In the interests of efficient treatment, a patient's medical data must be provided on a centralized, digital basis. Furthermore, the data should be secure and quickly accessible for all stakeholders. In Switzerland, this was initiated with the introduction of the Electronic Patient Dossier (EPD) in 2020. The purpose of the EPD is to collate all personal documents containing information about a patient's health. This data can be made available to healthcare providers if authorized by the patient. According to federal law, acute hospitals, psychiatric clinics, rehabilitation clinics, nursing homes, maternity centers, and newly accredited medical practices from 2022 onwards are obligated to join the EPD. Within this framework, key health-related information must be stored in the EPD as soon as patients possess an EPD. Opening an EPD is voluntary for patients.

In connection with linking health data to the EPD, the term mHealth (mobile + eHealth) is used. This term describes the technical requirements for utilizing health applications with the EPD. However, Switzerland currently lacks a coordinated approach, meaning that integration poses a real challenge. Nevertheless, a revision of the Federal Act on Electronic Health Dossiers (EPHD) aims to achieve improved integration of health applications in the EPD. [2]

As of May 2023, a total of 20,899 EPDs have been opened in Switzerland (0.25 percent of the population). [5] The numbers are also quite low among healthcare providers. For instance, at present, 44 percent of hospitals (mandatory) and 13 percent of medical practices (mandatory only for those newly accredited) are connected to the EPD. [12] A legislative revision is currently underway, with the goal of making EPD adoption mandatory for all healthcare providers. Additionally, the revision aims to promote EPD usage by automatically opening an EPD free of charge for all individuals residing in Switzerland subject to mandatory health insurance or those who are covered by military insurance. However, anyone can choose to opt-out of having an EPD (opt-out model).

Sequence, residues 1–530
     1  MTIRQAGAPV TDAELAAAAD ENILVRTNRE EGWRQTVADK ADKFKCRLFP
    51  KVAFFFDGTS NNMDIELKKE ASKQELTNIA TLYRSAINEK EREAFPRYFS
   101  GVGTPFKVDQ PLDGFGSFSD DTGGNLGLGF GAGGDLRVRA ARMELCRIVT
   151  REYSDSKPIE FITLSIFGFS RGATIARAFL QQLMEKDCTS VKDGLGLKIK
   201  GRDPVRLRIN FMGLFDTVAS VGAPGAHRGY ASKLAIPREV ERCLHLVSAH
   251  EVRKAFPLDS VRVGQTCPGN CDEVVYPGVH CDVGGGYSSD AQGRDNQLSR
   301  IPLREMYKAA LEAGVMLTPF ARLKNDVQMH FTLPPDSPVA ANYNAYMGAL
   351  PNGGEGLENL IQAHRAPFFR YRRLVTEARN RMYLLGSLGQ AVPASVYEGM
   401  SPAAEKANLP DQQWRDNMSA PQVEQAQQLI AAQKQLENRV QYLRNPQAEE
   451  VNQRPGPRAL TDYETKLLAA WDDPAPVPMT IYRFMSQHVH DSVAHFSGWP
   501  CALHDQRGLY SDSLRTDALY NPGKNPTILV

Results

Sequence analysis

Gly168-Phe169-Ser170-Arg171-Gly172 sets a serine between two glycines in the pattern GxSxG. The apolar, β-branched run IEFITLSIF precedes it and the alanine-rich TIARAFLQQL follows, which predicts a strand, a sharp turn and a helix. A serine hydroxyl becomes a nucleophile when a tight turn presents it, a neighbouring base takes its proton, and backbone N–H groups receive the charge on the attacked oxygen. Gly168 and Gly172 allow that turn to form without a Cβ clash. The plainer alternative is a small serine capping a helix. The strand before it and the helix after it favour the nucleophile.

The revised law also introduces the possibility for health applications to input health data into the EPD. The draft law currently includes the following provision: Health applications, with the patient's consent, should have access to the EPD. A health application is an application that allows medical data, for example through a smartphone or a medical device (such as an insulin measuring device), to be stored and/or retrieved in the EPD. [2]

Germany: Electronic Health Record (ePA)